Caitlin: …playing a part. I know that not everyone is going to understand that out in the world of Christianity, but I truly believe that it’s my job as an actor to tell a story. And the question I have to ask myself from the get go is, “Is this a story worth telling?” And if I think that it is, I’ll do it. And what is difficult is that in anime, we don’t always know the entire thing. We go in and we have a few paragraphs of a synopsis of the show, a few lines of a synopsis of a character, and then whatever the director tells us to go on to know. We’ll be told at the beginning if there’s nudity or if it’s TV-MA or it’s really violent or something like that.
But basically, another thing I feel (I learned this in church) – our pastor was saying that it’s our responsibility as Christians to share our faith. Period. But people think that means you have to go argue about it and fight and he says that’s not what you do at all. He’s like, “Christ has done something in your life and to testify, think about it in terms of a courtroom. If you’re a witness, you’re going to go witness to people. You get on the stand and you tell the truth. And I feel that that’s my job with my characters as well. I, as an actor, am the only representation of that character that my audience is going to get, besides the visual. So it’s my job to tell the truth.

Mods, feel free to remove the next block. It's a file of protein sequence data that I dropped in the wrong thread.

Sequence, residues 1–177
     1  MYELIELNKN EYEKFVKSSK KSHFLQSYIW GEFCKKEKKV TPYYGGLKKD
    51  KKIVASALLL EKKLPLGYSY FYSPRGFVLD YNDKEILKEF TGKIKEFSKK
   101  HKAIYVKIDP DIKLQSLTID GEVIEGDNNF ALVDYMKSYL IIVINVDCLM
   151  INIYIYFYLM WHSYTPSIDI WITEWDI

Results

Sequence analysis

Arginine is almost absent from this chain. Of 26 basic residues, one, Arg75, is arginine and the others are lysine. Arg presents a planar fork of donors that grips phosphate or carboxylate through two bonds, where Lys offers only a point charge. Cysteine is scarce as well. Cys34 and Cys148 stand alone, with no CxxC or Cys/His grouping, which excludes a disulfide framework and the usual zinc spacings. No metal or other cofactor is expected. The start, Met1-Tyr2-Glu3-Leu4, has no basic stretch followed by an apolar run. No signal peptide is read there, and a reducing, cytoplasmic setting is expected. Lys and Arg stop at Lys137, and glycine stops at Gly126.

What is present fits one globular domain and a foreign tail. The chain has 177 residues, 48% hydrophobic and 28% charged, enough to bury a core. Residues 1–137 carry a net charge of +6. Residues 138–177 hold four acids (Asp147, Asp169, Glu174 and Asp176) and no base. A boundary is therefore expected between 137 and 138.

TWWK: It sounds to me a lot like parables in the Bible, where you have a lot of unsavory characters – bad guys and so forth – but that’s part of the story sometimes, where you’re showing redemption or something else that might be good that comes out of it also.
Caitlin: Yeah, and I don’t know this at all, because I’m not a Bible scholar, but people just assume because of the way they read the Bible that well there isn’t foul language in it and, well that doesn’t mean we should just go ahead and curse in our daily lives, but they also don’t take into consideration that the Bible wasn’t written in English and that the languages that it was written in, each of those individual words means multiple things and carries a different kind of weight. So someone could read Greek or Hebrew or Aramaic and go “OH, that…” and we don’t see that in King James English [laughs].